Friday, March 24, 2017

Supreme Court Finds Cheerleader Uniform Designs Copyrightable

Last fall, we examined the case of Star Athletica, L.L.C.  v. Varsity Brands, Inc., then pending before the Supreme Court on the question of whether the design of a cheerleader uniform is copyrightable subject matter, or if it is a useful article.  In a 6-2 decision, the majority laid out a new test for analyzing the separability of designs applied to useful articles, and further found that the cheerleader uniform designs at issue in this case were protectable works under that test.  This decision grants expansive rights to authors who apply designs to utilitarian objects, but as we will see below, the new test is far from free of ambiguity.


Tuesday, December 6, 2016

Supreme Court Sides with Samsung on Design Patent Damages

On December 6, 2016, the Supreme Court issued a unanimous opinion authored by Justice Sotomayor in the Samsung Electronics Co., Ltd. v. Apple, Inc. case concerning apportionment of design patent damages under 35 U.S.C. § 289. Specifically, § 289 makes it unlawful to produce or sell an “article of manufacture” bearing a patented design and makes infringers liable to the patent holder “to the extent of [their] total profit.” The Supreme Court’s ruling rejects Apple’s argument and holds that the meaning of the phrase “article of manufacture” can refer to a single component within a multicomponent product sold to consumers. In support of its reasoning, the Court cites a similarly broad interpretation of the phrase as previously applied to 35 U.S.C. § 171. The § 171 statute defines subject-matter eligibility for design patents.

Monday, November 14, 2016

District Court Relies on Prosecution History Estoppel in Judgment on the Pleadings

Two years ago we reported on the landmark Federal Circuit decision in Pacific Coast Marine Windshields Ltd. v. Malibu Boats, LLC, holding for the first time that the doctrine of prosecution history estoppel applied to design patents.  A lingering question following that decision was whether this doctrine was likely to substantially impact design patent infringement cases going forward.  While prosecution history estoppel would bar patentees from claiming an embodiment that they had surrendered, the Federal Circuit also held that the estoppel effect only applied to the discrete embodiment that were disclaimed, and not to the range of embodiment between what was claimed and what was dedicated to the public.  Thus, unless an accused infringer seemingly designed their product to exactly copy an embodiment that the patentee had affirmatively disclaimed, one could wonder whether we might ever see prosecution history estoppel successfully invoked in a district court case.

Last week, prosecution history estoppel was successfully invoked in a district court case.


Thursday, October 20, 2016

The Intersection of Copyrightable Works and Useful Articles at the Supreme Court

While most of the design patent world is focused on the Supreme Court's review of the Apple v. Samsung case, which we reported on last week, the Supreme Court is also set to hear oral arguments on Star Athletica, LLC v. Varsity Brands, Inc., a copyright case that could have implications for the scope of rights available to design owners.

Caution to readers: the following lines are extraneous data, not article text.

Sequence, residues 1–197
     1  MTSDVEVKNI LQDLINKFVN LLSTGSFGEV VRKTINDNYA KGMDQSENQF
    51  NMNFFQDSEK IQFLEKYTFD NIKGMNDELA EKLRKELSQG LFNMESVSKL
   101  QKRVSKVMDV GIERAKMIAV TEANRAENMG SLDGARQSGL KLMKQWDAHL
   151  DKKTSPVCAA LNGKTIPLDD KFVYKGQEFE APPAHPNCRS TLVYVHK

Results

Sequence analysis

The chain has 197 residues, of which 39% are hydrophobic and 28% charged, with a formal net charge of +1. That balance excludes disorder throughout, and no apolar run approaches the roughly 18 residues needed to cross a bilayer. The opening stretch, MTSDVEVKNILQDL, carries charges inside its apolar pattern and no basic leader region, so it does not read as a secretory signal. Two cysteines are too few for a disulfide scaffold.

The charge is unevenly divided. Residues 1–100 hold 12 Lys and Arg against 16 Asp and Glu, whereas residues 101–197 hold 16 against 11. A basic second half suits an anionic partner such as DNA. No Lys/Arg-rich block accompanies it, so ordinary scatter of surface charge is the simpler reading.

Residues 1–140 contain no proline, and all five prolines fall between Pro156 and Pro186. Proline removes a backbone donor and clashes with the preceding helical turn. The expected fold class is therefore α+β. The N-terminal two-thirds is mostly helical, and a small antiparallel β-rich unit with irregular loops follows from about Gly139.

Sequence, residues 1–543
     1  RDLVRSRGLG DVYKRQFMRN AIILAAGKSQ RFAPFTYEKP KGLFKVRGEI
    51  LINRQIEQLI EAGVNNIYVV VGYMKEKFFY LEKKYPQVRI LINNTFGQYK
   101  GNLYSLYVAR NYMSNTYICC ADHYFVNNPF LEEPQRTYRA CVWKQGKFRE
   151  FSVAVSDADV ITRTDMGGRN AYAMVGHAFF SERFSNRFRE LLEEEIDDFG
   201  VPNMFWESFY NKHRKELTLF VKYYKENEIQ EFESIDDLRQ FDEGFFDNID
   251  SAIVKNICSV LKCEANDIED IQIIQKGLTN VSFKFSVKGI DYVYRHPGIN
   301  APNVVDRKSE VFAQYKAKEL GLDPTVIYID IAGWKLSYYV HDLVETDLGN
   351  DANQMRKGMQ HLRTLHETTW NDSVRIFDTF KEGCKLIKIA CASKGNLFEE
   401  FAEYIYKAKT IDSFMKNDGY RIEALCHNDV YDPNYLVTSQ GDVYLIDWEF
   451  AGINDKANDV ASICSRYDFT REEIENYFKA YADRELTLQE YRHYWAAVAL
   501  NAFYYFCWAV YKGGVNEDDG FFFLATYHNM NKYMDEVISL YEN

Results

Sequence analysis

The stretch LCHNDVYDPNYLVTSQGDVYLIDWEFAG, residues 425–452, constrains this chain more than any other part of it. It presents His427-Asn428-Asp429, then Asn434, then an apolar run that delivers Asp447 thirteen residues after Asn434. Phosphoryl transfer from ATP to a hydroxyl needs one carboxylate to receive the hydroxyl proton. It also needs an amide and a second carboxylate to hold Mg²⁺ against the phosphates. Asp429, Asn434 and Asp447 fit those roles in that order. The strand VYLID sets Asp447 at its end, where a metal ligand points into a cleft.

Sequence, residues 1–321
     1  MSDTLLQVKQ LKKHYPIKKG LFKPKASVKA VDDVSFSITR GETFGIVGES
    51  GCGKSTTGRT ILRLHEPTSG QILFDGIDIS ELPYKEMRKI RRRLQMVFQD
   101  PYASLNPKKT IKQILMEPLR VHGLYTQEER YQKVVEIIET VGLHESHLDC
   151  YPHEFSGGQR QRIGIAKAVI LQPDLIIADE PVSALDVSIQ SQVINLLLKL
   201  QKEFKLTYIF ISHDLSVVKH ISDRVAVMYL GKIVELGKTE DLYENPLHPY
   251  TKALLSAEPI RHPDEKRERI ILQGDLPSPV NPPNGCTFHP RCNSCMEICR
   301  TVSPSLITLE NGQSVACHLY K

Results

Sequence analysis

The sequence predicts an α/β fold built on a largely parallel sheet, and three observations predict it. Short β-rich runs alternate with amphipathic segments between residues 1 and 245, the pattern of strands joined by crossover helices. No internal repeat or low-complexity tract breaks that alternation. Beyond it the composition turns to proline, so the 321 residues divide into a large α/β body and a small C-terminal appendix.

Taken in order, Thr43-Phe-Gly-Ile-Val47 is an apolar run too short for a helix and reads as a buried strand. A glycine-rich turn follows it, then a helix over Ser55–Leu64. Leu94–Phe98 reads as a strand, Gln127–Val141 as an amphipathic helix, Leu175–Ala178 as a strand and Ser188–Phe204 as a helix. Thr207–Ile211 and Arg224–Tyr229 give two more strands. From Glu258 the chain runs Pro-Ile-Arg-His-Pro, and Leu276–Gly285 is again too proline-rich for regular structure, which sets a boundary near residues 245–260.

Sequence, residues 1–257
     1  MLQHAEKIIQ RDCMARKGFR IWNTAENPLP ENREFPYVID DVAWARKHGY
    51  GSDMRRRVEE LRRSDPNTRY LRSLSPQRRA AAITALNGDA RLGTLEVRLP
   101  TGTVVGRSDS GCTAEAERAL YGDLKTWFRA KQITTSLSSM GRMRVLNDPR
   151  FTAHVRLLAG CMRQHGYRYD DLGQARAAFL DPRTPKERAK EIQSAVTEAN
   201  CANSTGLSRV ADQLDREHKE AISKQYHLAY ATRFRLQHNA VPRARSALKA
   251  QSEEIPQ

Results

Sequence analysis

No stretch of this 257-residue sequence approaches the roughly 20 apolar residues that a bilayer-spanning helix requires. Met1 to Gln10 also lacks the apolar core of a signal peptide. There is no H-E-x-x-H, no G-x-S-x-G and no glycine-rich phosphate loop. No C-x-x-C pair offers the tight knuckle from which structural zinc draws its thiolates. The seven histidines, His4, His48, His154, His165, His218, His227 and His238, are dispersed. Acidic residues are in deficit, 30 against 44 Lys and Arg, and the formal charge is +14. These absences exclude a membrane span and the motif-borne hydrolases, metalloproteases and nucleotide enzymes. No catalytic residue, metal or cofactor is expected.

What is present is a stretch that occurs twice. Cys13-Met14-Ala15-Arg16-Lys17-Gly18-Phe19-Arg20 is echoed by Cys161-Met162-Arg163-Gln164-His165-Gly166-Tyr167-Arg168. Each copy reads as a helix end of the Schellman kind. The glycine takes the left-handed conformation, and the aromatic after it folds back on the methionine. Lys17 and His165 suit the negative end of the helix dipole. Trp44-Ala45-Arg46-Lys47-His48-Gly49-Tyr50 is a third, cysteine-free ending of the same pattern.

Monday, October 17, 2016

Courtroom Sketches from Apple v. Samsung

As a follow-up to last week's post, we wanted to share the courtroom sketches from Apple v. Samsung that were graciously provided by Art Lien of courtartist.com.  Art really captured the look of confusion on the Justices' faces...






Tuesday, October 11, 2016

Eight Telling Quotes from Apple v. Samsung Oral Arguments

So it finally comes to this. After five years of litigation, a dozen appeals to the Federal Circuit, and close to 1 Million tweets, the Apple v. Samsung case goes before the Supreme Court today for oral arguments. The sole issue being decided on appeal is whether an infringer's profits should be apportioned under 35 U.S.C. § 289. Or, as Samsung poses the question - "Where a design patent is applied to only a component of a product, should an award of infringer’s profits be limited to those profits attributable to the component?"

We're lucky to be reporting live from the Supreme Court today as the Supreme Court hears its first design patent case in over 100 years.  For this initial post, we'll be focusing on some of the more telling questions (and answers) from the justices during the hearing.   Continue reading after the jump for some of the more noteworthy quotes and our reaction.

Thursday, October 6, 2016

Premiere Gem Corp. v. Wing Yee Gems – Petitioner Turned Down in Diamond Jewelry Design IPR

In July, the Patent Trials and Appeals Board (PTAB) declined to institute Inter Partes Review of a design patent for an ornamental design of diamond jewelry.  Then, just last week, the Board denied a petition to rehear that earlier decision.  These decisions in Premier Gem Corp. et al. v. Wing Yee Gems & Jewelry Ltd. (IPR2016-00434) demonstrate how failing to introduce into evidence the details of the prior art can be fatal to a claim of anticipation or obviousness. They also offer a reminder that challenged designs and the prior art are to be compared on the basis of “overall visual appearance,” not mere “design concepts.”

Petitioners Premier Gem Corp. and Jay Gems Inc. (collectively, “Petitioner”) petitioned the Board to invalidate U.S. Design Patent No. D618,132 (the “’132 patent”).  The patent claims a jewelry design in which a large “full cut” central diamond is surrounded by nine smaller “single cut” diamonds.  (As the decision explains, “[f]ull-cut diamonds have more facets than single-cut diamonds, and typically produce a greater sparking effect.”)  The two figures of the patent are reproduced below:


U.S. Design Patent. D618,132